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COMPUTER NETWORKS 119 Between 1982 and 1987 the world telecommunications market grew 5.4 percent per year: Europe, 4.1 percent per year; Asia, 8.1 percent per year; South America, 4.2 percent per year; and world remainder, 5.8 percent per year (CBEMA, 1987~. At the same time, the world market for computer, business, and telecommunications equipment grew 8.6 percent per year. These figures hint at the growth in international activity and interest in computer networking, some of which is highlighted in other sections of this chapter. PROTECTABILITY It is hard to protect a technology so dependent on international cooperation in specification and development of protocol standards. Furthermore, by the time one developer has the products, so do others. Consequently, out-producing the competition may be prefer- able to restricting product export. The U.S. lead in testing complex protocols can be a significant competitive edge. Also, production technology (e.g., protocol testing and verification technology) may be more effectively controlled with limited adverse impact on indus- try as compared with restricting product exports. Nevertheless, some communications products will continue to be regarded as critical to national security and, therefore, to be controlled. Computer Network Security Security is an emerging technology rapidly becoming a neces- sary requirement for a complex, democratic society in a world with a growing number of computer-sophisticated governments. The ba- sic problem is misplaced trust; humans trust their computers and networks with sensitive assets when there is often no basis for that trust. These are complex systems, rarely flawless, and the flaws permit exploitation of users and their sensitive codes and data. Through DOD research, several technologies such as trust en- gineering and cryptography are emerging to provide a sound basis for building secure systems. The United States has a significant lead through DOD applications, but export control policies make it difficult for U.S. industry to be more competitive. Basic Vulnerability Networks are subject to human exploitation of flaws inherent in the complexity of modern computer systems containing millions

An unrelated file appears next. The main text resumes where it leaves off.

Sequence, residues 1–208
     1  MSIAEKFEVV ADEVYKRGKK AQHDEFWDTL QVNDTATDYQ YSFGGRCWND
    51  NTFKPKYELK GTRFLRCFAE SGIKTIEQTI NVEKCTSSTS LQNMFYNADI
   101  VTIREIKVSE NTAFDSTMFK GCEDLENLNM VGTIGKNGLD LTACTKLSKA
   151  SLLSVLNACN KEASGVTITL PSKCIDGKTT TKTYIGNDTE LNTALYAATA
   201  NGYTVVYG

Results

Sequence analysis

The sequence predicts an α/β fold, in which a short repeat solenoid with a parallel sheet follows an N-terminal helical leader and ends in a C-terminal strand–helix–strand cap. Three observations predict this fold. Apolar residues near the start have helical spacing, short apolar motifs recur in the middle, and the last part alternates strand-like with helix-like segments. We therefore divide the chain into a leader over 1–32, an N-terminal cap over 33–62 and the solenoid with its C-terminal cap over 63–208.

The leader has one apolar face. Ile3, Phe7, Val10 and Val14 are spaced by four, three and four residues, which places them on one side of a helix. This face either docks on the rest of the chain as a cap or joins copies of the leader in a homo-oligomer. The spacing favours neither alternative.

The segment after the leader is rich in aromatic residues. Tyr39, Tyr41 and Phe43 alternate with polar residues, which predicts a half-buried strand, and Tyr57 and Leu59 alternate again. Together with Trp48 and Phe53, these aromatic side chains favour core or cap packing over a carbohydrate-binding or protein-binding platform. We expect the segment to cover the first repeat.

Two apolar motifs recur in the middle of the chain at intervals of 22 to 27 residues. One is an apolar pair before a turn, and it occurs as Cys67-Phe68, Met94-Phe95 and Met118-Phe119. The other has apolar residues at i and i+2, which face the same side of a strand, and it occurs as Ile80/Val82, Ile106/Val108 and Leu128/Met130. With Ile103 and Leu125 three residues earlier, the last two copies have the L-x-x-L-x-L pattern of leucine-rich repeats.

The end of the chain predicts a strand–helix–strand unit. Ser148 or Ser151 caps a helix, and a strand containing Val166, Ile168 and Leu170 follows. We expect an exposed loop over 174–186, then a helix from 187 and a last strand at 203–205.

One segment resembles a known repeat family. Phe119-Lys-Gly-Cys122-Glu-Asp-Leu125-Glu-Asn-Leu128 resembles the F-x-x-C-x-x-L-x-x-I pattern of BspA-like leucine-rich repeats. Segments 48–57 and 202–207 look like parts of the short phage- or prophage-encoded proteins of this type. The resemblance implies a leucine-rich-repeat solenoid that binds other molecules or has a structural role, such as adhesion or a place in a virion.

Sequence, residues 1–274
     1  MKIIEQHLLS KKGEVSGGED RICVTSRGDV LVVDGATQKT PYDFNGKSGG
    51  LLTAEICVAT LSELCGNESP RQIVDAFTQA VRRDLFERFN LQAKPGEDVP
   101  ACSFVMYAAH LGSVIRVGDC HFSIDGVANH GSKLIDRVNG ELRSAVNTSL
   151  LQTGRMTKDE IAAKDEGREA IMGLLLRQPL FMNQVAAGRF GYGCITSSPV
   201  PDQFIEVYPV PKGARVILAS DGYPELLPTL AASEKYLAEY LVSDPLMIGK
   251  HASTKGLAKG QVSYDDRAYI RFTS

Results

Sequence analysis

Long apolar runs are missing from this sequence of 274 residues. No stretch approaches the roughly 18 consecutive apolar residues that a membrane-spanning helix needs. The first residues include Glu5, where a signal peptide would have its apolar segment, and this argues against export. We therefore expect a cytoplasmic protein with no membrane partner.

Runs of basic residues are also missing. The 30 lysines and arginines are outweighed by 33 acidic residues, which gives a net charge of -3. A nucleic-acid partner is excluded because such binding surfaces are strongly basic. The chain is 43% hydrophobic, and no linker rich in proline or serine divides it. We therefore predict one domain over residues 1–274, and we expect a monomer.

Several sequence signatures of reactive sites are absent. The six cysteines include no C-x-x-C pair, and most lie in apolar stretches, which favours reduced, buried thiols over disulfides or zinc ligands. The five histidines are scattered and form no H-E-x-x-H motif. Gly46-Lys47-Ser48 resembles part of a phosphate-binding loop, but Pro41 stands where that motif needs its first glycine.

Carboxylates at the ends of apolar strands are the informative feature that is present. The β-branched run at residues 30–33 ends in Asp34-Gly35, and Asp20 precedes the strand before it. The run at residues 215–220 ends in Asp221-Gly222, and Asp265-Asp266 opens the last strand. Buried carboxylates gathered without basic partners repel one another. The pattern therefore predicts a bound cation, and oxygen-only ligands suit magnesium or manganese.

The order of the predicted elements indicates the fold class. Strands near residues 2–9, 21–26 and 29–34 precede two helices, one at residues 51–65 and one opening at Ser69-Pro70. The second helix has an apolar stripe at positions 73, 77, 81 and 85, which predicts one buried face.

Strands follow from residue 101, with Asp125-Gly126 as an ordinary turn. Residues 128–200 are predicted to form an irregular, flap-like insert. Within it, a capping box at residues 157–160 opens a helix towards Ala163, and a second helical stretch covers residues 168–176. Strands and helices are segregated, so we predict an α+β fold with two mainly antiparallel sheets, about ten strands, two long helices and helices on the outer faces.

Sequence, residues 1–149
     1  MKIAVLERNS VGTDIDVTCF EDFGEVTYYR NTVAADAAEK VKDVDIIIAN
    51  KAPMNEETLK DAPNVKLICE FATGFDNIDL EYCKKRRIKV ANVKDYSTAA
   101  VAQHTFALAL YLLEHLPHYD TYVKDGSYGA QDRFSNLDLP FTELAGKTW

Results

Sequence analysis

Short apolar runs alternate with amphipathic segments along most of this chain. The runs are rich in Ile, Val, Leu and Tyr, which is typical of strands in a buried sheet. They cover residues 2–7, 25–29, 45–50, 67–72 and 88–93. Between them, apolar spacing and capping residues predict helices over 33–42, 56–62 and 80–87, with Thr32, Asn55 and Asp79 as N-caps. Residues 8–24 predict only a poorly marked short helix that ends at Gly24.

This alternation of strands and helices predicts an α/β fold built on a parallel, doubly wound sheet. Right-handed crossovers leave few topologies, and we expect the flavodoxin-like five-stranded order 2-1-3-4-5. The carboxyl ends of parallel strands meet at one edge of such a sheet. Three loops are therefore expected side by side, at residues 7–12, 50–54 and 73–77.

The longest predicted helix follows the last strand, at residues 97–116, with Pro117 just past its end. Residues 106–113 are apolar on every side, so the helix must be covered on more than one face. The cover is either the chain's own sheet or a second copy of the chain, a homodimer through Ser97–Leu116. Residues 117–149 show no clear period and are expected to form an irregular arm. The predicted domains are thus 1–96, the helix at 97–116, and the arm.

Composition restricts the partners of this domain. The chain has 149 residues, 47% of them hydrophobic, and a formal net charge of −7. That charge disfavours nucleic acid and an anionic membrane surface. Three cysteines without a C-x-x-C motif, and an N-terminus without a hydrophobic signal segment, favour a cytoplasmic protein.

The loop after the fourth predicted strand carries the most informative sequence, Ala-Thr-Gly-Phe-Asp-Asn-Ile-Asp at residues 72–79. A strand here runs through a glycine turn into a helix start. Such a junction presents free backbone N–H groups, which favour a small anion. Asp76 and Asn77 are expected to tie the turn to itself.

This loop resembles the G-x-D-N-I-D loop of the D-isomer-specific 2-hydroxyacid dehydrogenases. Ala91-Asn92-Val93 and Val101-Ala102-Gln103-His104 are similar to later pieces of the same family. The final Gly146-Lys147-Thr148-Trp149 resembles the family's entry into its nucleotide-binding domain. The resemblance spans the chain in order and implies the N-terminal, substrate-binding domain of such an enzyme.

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120 GL OBAL TRENDS IN COMP UTER TECHNOL O G Y of instructions and data items. An unauthorized value in any one instruction or data item could lead to a violation of security. Modern computer hardware is designed for easy logic board maintenance and replacement. Unauthorized boards with bogus logic can easily sub- stitute for original parts if physical machine access is uncontrolled. Software production technology provides years of opportunity and dozens of methods for substituting malicious code for original code (so caned Trojan Horse, virus, or trap-door software) in the end-user computer system. The trusting, but possibly naive, employee risks assets to a flawed computer system in the unsuspecting belief that it is safe for holding sensitive assets. Even relatively sophisticated com- puter users are vulnerable, as the recent virus/worm attack on the ARPANET illustrates (Markoff, 1988~. Providing assurance that the risk is small is the special task of computer security. Security assur- ance forces trust engineering to design defenses and countermeasures to threats that reduce risk to acceptable limits.4 Legal and Institutional Mends In the United States, the National Institute of Standards and Technology (NIST) (formerly, the National Bureau of Stan(lards) and the National Security Agency (NSA) have played the largest roles in providing technical measures to improve the trustworthiness of computer systems. N[ST has led in government and commercial security standards; most noteworthy are risk assesment, audit, dis- aster recovery, and the data encryption standard (DES). NSA has led in DOD efforts to establish security standards for military-grade encryption and trusted computer systems and nets. Security Technical Standards Trusted Computer System Evaluation Criteria (TCSEC) are de- fined for DOD application by the National Computer Security Center (NCSC) of the NSA (DOD 5200.28-STD). These criteria are having an influence on secure systems beyond the DOD, including domestic 4 Most industrialized countries have begun to recognize the problem. Initial con- cerns focused on the threat of omnipotent government computers interfering with the privacy of citizens. One outcome was laws protecting individual privacy in mandatory government record keeping. Citizen privacy continues to be a concern. In addition, government and private systems now need protection from hackers, criminals, political opponents, and spies.